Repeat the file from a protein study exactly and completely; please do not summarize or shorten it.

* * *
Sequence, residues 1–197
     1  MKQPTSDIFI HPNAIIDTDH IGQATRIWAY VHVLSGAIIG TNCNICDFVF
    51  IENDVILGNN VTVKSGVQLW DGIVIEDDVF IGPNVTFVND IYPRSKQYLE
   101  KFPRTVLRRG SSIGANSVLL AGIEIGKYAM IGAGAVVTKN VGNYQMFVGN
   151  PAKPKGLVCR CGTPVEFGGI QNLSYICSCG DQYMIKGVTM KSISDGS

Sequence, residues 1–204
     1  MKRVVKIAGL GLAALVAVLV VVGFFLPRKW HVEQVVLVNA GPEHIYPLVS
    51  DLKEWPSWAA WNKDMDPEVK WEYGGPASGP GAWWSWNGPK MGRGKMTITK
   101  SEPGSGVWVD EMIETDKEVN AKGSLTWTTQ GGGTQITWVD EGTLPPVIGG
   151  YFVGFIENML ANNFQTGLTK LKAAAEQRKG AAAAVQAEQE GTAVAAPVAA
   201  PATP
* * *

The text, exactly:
Sequence, residues 1–197
     1  MKQPTSDIFI HPNAIIDTDH IGQATRIWAY VHVLSGAIIG TNCNICDFVF
    51  IENDVILGNN VTVKSGVQLW DGIVIEDDVF IGPNVTFVND IYPRSKQYLE
   101  KFPRTVLRRG SSIGANSVLL AGIEIGKYAM IGAGAVVTKN VGNYQMFVGN
   151  PAKPKGLVCR CGTPVEFGGI QNLSYICSCG DQYMIKGVTM KSISDGS

Sequence, residues 1–204
     1  MKRVVKIAGL GLAALVAVLV VVGFFLPRKW HVEQVVLVNA GPEHIYPLVS
    51  DLKEWPSWAA WNKDMDPEVK WEYGGPASGP GAWWSWNGPK MGRGKMTITK
   101  SEPGSGVWVD EMIETDKEVN AKGSLTWTTQ GGGTQITWVD EGTLPPVIGG
   151  YFVGFIENML ANNFQTGLTK LKAAAEQRKG AAAAVQAEQE GTAVAAPVAA
   201  PATP